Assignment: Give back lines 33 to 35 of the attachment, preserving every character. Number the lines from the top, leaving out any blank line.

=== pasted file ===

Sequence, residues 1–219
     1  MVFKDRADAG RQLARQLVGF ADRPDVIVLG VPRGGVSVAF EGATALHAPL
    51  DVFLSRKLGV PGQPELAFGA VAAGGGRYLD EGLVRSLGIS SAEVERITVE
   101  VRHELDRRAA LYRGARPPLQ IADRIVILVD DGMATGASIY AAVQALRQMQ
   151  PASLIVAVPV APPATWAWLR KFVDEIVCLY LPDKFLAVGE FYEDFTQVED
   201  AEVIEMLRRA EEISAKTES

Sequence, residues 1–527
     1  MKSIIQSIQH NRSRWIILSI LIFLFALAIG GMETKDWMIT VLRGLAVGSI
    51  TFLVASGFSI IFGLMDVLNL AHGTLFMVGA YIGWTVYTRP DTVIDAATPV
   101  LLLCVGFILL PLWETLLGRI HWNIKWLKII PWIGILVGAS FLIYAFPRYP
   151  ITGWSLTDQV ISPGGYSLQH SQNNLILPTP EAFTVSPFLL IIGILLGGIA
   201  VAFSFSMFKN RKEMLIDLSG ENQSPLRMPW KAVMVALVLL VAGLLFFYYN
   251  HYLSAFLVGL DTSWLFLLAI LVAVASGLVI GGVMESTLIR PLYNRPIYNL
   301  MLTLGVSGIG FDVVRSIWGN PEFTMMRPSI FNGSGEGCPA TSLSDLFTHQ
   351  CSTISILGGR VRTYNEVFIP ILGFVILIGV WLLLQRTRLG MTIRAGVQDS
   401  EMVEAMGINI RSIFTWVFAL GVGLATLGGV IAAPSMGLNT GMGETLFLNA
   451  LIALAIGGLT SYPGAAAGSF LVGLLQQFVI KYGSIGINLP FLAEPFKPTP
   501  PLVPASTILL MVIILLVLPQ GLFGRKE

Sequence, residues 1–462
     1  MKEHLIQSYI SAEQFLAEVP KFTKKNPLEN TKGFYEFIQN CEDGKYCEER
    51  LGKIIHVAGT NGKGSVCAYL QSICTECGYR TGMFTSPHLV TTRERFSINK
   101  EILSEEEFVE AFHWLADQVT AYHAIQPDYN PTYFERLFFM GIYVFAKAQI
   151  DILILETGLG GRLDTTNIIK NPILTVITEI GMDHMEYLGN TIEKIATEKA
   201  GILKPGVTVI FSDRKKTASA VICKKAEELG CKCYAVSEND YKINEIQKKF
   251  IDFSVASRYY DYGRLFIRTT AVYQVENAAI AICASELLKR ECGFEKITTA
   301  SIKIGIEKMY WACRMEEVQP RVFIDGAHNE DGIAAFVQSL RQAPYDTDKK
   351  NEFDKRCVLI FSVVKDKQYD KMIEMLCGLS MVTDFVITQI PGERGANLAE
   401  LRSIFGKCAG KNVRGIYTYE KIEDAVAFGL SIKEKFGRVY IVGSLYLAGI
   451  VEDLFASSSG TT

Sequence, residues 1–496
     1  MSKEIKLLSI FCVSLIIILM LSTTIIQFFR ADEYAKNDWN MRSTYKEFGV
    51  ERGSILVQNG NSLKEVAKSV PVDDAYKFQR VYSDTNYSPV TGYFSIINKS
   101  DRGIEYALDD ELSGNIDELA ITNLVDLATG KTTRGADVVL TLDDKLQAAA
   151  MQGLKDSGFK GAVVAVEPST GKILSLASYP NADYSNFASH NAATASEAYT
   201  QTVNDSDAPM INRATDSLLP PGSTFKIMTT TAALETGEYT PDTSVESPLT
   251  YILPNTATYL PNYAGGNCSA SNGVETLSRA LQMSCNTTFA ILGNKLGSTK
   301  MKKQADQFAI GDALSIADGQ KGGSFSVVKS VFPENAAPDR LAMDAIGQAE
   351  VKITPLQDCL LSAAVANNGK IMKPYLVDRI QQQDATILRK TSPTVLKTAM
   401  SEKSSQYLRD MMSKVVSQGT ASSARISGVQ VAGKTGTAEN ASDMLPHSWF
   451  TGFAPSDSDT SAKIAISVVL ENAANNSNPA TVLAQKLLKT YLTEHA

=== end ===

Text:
   101  DRGIEYALDD ELSGNIDELA ITNLVDLATG KTTRGADVVL TLDDKLQAAA
   151  MQGLKDSGFK GAVVAVEPST GKILSLASYP NADYSNFASH NAATASEAYT
   201  QTVNDSDAPM INRATDSLLP PGSTFKIMTT TAALETGEYT PDTSVESPLT